Who is defining 'position of privilege'? And versus what comparator benchmark?

2. "We're not going to be able to change the minds of real racists, homophobes, sexists etc."
This is carefully worded to be defensible (in not directly stating to whom you think those terms apply), but is deliberately incendiary - especially the inference that anyone who disagrees with you should be presumed to fall into one of those categories until they can demonstrate otherwise.

Please stop trying to take on your shoulders the guilts you appear to feel on behalf of others. It is frankly patronising to be told by a stranger that they understand my formative environment (or worse 'feel my pain') ... when they can't & don't, and cause more angst than the receipt of open abuse.

BTW I don't intend to disclose here every facet of what makes me who I am ... but does your 'privilege' encompass:
* having a price on your head when you're under 5 years old; having to change country only to find that you get called names and end up in hospital with a cut face at 6 years old; learning a new language (English) by trial & error; having to change all your names (because the British CS wouldn't employ your father if he had a Wog name) before you're 8 years old; not going to University; etc etc?

So, open discourse and opposing opinions are fine ... but don't try to shut them down by claiming a moral higher ground (especially when it's not yours)!

Thanks (4)
Replying to Hugo Fair:
avatar
By creamdelacream
28th Jun 2022 21:47

Very eloquently said

Thanks (2)
Replying to Hugo Fair:
Mark Lee 2017
By Mark Lee
30th Jun 2022 10:15

My apologies that my choice of words upset or annoyed you. Not my intent. In my experience those who argue loudest against raising awareness and understanding of unconscious bias are least likely to suffer from it. They have the privilege of being part of the majority who do not exhibit a minority tendency - whether related to the colour of their skin, their sexual preference, their choices and so on.

At it's simplest this is evident when white people cannot understand why anyone should be offended or excluded by their words or behaviour, just because they have a darker skin tone.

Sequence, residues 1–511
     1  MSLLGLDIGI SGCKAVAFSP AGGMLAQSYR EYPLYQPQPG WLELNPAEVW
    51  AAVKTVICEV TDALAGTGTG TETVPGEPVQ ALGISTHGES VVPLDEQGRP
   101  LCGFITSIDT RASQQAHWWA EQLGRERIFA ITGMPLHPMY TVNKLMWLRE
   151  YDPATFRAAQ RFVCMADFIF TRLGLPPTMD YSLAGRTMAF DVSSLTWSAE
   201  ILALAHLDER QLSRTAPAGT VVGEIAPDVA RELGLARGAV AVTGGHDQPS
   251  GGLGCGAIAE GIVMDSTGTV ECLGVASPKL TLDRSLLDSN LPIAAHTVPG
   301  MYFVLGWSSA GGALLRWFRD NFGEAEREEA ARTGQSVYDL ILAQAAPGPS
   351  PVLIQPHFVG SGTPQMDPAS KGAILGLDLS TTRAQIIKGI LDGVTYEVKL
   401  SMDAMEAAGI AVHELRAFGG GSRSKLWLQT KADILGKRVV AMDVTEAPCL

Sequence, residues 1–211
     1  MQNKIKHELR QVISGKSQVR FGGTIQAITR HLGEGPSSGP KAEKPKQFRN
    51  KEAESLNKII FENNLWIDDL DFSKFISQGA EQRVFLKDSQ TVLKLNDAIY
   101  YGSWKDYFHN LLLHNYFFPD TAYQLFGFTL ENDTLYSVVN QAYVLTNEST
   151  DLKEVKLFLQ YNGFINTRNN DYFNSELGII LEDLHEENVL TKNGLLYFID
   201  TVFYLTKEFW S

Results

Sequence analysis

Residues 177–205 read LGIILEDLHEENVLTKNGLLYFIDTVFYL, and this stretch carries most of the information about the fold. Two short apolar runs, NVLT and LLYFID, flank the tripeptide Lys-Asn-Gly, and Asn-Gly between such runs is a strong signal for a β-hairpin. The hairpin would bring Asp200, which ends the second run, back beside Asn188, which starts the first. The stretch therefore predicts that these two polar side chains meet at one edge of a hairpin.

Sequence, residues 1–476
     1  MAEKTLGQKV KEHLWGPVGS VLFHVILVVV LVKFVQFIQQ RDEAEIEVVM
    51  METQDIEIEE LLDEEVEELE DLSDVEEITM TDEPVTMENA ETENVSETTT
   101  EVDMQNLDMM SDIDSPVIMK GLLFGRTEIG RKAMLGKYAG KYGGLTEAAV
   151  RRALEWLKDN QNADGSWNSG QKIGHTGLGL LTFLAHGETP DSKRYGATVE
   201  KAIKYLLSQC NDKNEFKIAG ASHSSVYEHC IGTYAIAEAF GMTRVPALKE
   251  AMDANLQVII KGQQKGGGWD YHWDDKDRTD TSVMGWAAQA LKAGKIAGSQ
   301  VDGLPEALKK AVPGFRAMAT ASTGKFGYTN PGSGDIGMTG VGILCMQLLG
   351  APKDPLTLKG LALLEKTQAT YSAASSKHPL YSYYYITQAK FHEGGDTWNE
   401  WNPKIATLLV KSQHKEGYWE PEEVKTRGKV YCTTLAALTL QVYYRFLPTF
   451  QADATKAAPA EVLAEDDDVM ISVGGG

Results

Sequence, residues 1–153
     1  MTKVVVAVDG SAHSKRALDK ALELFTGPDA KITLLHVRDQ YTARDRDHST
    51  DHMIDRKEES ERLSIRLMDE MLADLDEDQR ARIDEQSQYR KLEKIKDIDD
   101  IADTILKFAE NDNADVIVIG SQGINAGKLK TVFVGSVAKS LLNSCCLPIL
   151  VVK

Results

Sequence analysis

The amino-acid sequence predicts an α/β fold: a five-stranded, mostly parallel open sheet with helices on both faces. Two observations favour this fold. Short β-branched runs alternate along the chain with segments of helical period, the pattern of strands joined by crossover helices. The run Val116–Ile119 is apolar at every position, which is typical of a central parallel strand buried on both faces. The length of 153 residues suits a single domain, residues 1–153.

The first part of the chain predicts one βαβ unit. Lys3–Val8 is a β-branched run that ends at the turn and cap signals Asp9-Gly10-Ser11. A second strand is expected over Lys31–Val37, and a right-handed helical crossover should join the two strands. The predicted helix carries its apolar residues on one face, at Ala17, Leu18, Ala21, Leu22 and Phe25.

It's also evident when white people look for ways to argue they are being discriminated against and that this is akin to the racism that people of colour experience.

Like you I don't often choose to reveal why I feel so strongly about such issues. But I am aware that I can make this choice from a position of privilege - in that it's not obvious and the only people who understand are those I choose to tell.

Thanks (0)
Replying to Hugo Fair:
Mark Lee 2017
By Mark Lee
30th Jun 2022 10:14

[quote=Hugo Fair]

2. "We're not going to be able to change the minds of real racists, homophobes, sexists etc."
This is carefully worded to be defensible (in not directly stating to whom you think those terms apply), but is deliberately incendiary - especially the inference that anyone who disagrees with you should be presumed to fall into one of those categories until they can demonstrate otherwise.

--------

Hmmm. Seems you feel you can read my mind - but you're incorrect in your assertions as to my motives here.

Not carefully worded at all. Simply trying (perhaps clumsily) to make clear that the whole point of raising awareness of UNCONSCIOUS bias is to help us avoid unconsciously coming across as if we truly were racists, homophobes, mysogynists, sexists etc. Sadly those who are so minded will not change their minds on the back of any 'training' however good it is.

Thanks (0)
Replying to bookmarklee:
avatar
By Paul Crowley
30th Jun 2022 14:06

You have written words that have clearly caused friction
But you now want to exacerbate by accusing the other of......what exactly?
It is as if you did not follow the the 'causing negative consequences' bit of the research.
There are times when it is best to stop digging.

Thanks (3)
Replying to Hugo Fair:
avatar
By Paul Crowley
30th Jun 2022 13:45

+1
you have my admiration

HM Gov research says it does not work AND likely to cause counter effects.
Endex for reasonable people
Anyone got better unbiased equally extensive research?

Thanks (3)